We knew we wanted to go back to Arcadia Bay for this game so the first thought that came to mind was what happened after the first game but we realized if we were to carry on the story in some way we would have to sort of invalidate one of the big endings for that game where there are a couple of different endings and big outcomes at the end of the last episode and to canonize one of those outcomes and invalidate the other we didn’t feel was fair a segment of the players, we felt that they should get to own the outcome of their story and shouldn’t have to accept something else if they wanted to play our game so we felt going back three years for a prequel gave us the room to create a story that couldn’t break season one in a sense and let us see all these characters we love and want to revisit.

I probably shouldn’t ask this since it was way too premature as the first episode of a three episode game just came out yesterday but what you said made me think of it, are you considering perhaps taking another Life is Strange character and exploring their story somewhere in say a five year window of time within the Life is Strange stories where it’s connected to these games but self contained enough where it doesn’t screw up the timelines of those games? 

We are very excited about where Life is Strange is going and there is always potential for that but we’re very focused on Before the Storm right now.

Right, I figured the game is only one third released so it’s way too early to think of a follow up but that’s how random thoughts work. I figured when I asked the question you guys were thinking what is this idiot talking about, we just put out part one, we haven’t even thought of the next game, these things can’t exactly be written and programmed in just a few weeks.


One of the most memorable aspects of Life is Strange is how realistic the characters were and how easily they were to relate to. A lot fans, whether we are talking TV series, books, or video games, tend to get attached to their favorite characters. What kind of reaction did you get when you announced that you were going to take an established character like Chloe and go deeper into her back story and allow players to shape her development.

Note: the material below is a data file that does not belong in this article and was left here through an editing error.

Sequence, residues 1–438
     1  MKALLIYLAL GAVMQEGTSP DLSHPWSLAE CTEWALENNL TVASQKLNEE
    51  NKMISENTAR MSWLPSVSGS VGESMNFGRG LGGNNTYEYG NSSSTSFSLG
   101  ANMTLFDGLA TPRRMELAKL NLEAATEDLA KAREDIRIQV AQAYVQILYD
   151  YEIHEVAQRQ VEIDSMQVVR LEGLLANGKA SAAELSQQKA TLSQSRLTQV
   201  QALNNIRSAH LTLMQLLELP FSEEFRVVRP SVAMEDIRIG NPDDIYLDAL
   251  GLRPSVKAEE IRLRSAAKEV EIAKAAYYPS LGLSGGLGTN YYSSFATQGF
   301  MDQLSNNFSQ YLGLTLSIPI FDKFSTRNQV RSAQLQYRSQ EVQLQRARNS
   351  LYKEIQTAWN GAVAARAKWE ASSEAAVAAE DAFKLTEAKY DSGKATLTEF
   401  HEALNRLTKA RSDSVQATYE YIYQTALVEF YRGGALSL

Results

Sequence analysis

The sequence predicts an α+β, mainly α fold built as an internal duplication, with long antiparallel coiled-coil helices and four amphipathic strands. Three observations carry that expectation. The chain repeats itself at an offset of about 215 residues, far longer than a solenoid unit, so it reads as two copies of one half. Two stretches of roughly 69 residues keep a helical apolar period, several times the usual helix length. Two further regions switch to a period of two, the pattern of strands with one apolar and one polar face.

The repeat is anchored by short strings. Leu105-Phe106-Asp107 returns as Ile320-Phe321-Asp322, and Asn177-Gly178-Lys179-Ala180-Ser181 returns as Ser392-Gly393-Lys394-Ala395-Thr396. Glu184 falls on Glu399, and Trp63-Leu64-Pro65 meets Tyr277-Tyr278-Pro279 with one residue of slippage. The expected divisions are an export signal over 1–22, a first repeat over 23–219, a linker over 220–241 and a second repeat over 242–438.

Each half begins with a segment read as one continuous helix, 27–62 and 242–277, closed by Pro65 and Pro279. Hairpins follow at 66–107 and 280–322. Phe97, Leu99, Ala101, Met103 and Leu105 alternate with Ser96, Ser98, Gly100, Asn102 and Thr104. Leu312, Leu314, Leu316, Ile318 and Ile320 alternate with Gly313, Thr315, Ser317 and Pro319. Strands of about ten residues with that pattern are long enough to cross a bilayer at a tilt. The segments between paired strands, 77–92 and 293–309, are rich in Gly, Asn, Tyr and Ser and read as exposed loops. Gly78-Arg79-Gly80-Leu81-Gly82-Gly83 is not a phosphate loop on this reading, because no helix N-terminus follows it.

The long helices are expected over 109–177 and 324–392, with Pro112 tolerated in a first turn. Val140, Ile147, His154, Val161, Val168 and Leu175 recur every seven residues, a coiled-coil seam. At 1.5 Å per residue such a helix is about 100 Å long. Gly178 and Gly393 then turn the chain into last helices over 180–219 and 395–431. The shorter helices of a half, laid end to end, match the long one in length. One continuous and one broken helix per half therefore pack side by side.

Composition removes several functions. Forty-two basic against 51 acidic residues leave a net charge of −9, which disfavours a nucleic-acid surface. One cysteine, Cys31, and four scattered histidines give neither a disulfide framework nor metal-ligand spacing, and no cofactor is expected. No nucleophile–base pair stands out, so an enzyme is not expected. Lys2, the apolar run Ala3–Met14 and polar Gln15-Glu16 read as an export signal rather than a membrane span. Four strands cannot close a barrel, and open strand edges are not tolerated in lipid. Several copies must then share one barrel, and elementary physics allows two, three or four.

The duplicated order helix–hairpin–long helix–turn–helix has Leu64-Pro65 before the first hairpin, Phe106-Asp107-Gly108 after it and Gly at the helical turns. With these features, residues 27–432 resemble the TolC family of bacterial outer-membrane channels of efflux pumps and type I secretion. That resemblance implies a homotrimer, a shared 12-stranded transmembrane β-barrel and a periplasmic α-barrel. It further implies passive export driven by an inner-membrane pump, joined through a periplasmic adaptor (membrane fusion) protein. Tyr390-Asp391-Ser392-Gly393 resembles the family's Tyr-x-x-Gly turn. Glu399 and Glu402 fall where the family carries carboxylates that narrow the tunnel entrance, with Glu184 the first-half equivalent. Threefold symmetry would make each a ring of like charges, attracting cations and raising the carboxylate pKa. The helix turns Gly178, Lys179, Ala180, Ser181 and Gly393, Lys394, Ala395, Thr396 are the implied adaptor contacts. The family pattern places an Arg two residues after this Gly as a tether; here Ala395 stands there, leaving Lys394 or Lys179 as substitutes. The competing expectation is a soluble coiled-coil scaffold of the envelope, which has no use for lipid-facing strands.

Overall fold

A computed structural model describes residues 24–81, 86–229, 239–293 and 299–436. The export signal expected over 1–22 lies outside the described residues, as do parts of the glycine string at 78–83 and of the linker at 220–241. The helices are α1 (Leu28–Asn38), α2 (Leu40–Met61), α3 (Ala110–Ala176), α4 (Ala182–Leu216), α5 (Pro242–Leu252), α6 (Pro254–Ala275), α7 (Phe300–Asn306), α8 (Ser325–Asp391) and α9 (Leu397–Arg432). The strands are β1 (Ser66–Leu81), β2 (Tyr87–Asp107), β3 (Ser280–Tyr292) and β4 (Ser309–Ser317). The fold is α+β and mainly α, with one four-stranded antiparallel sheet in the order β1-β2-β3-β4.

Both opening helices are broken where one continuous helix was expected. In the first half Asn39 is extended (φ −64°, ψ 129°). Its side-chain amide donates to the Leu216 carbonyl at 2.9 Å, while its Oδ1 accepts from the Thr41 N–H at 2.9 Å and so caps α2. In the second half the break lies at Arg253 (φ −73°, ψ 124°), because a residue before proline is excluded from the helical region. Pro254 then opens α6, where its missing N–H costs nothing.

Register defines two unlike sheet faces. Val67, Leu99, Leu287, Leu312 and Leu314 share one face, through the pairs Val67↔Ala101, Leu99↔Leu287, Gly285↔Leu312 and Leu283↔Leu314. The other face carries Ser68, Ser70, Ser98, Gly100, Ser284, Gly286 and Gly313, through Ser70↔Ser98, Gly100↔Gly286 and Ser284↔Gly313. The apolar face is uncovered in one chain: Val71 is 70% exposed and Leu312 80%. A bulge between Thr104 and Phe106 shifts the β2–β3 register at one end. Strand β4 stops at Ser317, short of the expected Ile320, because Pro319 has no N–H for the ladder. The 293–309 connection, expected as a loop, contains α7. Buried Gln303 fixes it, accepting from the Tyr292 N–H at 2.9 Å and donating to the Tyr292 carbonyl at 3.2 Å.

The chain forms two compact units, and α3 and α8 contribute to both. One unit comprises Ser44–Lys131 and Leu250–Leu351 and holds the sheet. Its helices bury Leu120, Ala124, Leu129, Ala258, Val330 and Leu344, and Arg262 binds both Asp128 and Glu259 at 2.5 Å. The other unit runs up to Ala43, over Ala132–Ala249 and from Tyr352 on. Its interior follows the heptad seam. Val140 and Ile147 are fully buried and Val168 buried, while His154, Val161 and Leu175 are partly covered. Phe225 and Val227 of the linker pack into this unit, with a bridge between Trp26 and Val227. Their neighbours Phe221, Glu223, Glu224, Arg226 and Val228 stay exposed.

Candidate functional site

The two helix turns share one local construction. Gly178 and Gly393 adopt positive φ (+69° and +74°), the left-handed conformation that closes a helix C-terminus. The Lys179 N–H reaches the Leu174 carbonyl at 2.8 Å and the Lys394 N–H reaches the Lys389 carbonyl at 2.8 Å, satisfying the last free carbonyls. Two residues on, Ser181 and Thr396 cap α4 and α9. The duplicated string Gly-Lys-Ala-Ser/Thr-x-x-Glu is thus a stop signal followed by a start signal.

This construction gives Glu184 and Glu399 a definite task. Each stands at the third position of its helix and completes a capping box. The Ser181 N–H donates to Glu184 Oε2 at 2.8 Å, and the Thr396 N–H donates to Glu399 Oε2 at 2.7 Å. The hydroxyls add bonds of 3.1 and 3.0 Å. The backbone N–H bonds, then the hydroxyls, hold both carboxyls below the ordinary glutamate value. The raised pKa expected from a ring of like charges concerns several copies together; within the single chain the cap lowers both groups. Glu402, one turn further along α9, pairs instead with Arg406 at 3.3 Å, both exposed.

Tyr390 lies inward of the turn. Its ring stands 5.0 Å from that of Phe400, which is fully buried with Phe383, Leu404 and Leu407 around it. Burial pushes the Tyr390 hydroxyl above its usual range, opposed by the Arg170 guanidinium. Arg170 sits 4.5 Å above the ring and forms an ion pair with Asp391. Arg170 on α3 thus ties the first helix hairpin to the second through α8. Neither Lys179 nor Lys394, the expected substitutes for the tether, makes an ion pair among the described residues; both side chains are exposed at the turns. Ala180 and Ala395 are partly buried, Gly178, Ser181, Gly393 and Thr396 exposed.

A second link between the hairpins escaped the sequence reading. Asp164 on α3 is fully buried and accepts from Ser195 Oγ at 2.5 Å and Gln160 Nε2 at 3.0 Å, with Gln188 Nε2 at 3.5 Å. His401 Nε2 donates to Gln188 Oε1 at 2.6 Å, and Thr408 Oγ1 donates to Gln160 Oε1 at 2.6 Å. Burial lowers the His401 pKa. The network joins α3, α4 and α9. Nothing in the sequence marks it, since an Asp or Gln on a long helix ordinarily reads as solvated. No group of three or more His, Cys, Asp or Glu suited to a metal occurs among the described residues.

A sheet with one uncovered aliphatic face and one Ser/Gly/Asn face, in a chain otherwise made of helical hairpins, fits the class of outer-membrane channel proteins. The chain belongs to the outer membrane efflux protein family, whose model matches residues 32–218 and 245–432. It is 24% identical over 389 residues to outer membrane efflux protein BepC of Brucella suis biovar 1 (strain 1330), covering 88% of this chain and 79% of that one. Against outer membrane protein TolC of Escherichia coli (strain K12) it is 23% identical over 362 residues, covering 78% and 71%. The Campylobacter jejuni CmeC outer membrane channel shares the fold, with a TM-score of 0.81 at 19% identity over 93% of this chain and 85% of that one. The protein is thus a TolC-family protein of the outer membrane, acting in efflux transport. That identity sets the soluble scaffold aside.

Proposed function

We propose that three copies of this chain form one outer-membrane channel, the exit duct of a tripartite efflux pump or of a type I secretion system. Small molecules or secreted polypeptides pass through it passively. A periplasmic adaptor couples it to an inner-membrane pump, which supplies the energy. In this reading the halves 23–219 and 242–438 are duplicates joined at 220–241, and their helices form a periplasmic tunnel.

We got a mix of great excitement and skepticism, very reasonable skepticism. The first Life is Strange was very unique and didn’t feel like anybody could do this so when news of a new Life is Strange was coming out a lot of them were very excited but some were quite frightened. What does that mean for the quality or nature of the game? And now we’ve been overwhelmed by the positivity we’ve been getting from the fans who have actually played the game and got to experience the first episode. We’re hearing a lot of love and appreciation about what is going on in Before the Storm and they are excited about what is to come with the next two episodes. It’s really humbling and we are definitely still processing it.

The reception overall has been very positive and it’s a game we built for the fans. They wanted to go back to Arcadia Bay and we wanted to stay true to what made them become fans of the first game. To hear them say that we managed to make a game that feels like Life is Strange is the ultimate validation for us.

So you are a different development team than the one who worked on the first Life is Strange. So no pressure, you’ve just inherited this critically acclaimed title with a passionate fan base. What sort of things did you have to consider when this opportunity presented itself to you?

For me we really had to honor the canon and quality of the first game in every aspect. We had to strive very hard to create something new and beautiful within that world and making it fit and belong within that space but still at the same time tell a new story and offer something new, catch fans off guard and challenge them in a new direction. That is kind of the responsibility we have in making any new title. Honestly figuring out as an industry what are narrative adventure games, which they figured out a large part of that in the first Life is Strange. They took an existing genre and grew it up a little and they did something really sophisticated and interesting with it.  We want to push ourselves everyday to continue to evolve the storying telling medium and to look at Before the Storm as chance to give fans what they want in a return to Arcadia Bay and add a new story to Life is Strange as a whole.

Since I’ve been given the wrap it up warning is there any last thing you’d like to say about Before the Storm?

We did give Chloe a new mechanic in the game which is the Back Talk mechanic. This is Chloe’s ability to confront somebody who has something she wants or to stop somebody from doing something and through a special dialog challenge gives her the ability to talk her way past something or convince someone to give up something. It’s become a fun way to let the player perform as Chloe. It’d make the player feel like they have a team of writers providing the smartest and wittiest thing to say back to someone in a verbal fencing match.

So basically teenage angst weaponized as a super power.

(laughs) Yes that’s a good way to put it.